DOLE Packaged Foods is the first global, consumer-facing company to join forces with the Upcycled Food Association, an organization with the aim of slashing global food waste.

September 30, 2020

3 Min Read

The Upcycled Food Association (UFA) announces its 100th Member to join since the nonprofit was formed less than a year ago: DOLE Packaged Foods, LLC. This marks the first global, consumer-facing company to become a member of UFA, an organization with the mission of reducing food waste through food upcycling. The announcement is made in celebration of the United Nations’ International Day of Awareness of Food Loss and Waste.

The Upcycled Food Association was co-founded by nine mission-driven businesses in 2019, and has quickly become the center of gravity for the growing upcycled food industry. The 100 businesses within the UFA represent 15 countries and consist of a mix of consumer packaged goods, ingredient supply and service provision companies. While several large ingredient companies have already joined the organization, including IFF and Griffith Foods, DOLE joining signifies growth in consumer understanding and acceptance of upcycled foods, which prevent food waste by creating new, high-quality products from otherwise wasted ingredients.

Pier Luigi Sigismondi, president of DOLE Packaged Foods, LLC., said today that DOLE was delighted to become a double milestone member of the Upcycled Food Association, becoming its 100th Member and the first global corporate to sign up.

“We share the same values and goals. Nourishing people is our business, so we take it personally when a third of all the food produced in the world is wasted,” said Sigismondi.

“Through our Dole promise, we have made a zero waste commitment and to achieve this we are looking for innovative ways to convert less-than-perfect produce into affordable, innovative forms of nutrition. We are excited about what UFA can bring to our efforts and what we can do ourselves to support the association to connect and educate growers and consumers,” he said.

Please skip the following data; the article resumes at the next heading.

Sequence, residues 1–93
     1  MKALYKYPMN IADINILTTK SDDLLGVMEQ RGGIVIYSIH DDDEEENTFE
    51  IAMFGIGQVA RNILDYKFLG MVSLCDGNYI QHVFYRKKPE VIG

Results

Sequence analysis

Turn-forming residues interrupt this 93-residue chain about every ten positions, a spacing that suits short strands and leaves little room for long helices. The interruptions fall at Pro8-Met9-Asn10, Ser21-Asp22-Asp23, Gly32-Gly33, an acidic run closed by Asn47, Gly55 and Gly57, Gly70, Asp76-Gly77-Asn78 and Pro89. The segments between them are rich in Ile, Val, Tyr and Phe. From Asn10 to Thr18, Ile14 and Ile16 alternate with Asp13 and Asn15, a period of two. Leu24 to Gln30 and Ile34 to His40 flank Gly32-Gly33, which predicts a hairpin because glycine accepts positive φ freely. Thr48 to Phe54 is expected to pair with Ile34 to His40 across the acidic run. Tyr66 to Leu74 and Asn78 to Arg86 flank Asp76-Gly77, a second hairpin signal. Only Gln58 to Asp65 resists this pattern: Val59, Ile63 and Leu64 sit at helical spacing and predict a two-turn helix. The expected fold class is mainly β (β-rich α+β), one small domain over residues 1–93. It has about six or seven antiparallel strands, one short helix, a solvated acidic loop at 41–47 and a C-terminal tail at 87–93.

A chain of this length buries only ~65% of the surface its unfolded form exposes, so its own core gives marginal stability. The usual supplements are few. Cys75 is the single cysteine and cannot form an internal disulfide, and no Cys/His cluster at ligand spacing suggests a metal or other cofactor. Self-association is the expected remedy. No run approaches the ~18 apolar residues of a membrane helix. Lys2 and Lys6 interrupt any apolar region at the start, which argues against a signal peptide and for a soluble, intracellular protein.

Evidence does show strong consumer demand for upcycled foods, with multiple recent studies showing that more than half of consumers are interested in buying more upcycled foods. These findings are in alignment with a recent study from Genomatica, which showed consumers are increasingly interested in buying sustainable products, despite COVID-19. 

“Today, we celebrate International Day of Awareness of Food Loss and Waste with the demonstration that the upcycled food movement is global and scalable,” said Turner Wyatt, CEO of Upcycled Food Association. “Upcycled food gives consumers the ability to reduce food waste every time they shop for food. The participation of Dole in the upcycled food movement will help bring this solution to scale. Together, Members of the Upcycled Food Association will prevent tens of millions of pounds of food waste this year.”

“Like all growers, we aim for the highest possible quality standards. Some of our produce does not make the grade as fresh or as packaged products. This worries us, given growing food insecurity. Where many forms of agriculture return imperfect products back to the land via composting, we would rather see our produce feed people. The upcycled food movement is very much in line with our values around sustainability and growing value,” Sigismondi said.

The Food and Agriculture Organization of the United Nations estimates that 8% of all greenhouse gas emissions can be attributed to food waste. This year, reducing food waste was recognized as the single greatest solution to global warming by Project Drawdown, the global leader in ranking climate change solutions. 

Upcycled food, a term which was formally defined in a paper co-authored by UFA, Harvard Law School, NRDC, World Wildlife Fund, Drexel University, ReFED and others, is made from ingredients that would have otherwise been wasted, and has a positive impact on the environment. Over 400 upcycled products already exist, and UFA is launching a product certification later this year as a way to increase access to these products. 

Source: Upcycled Food Association

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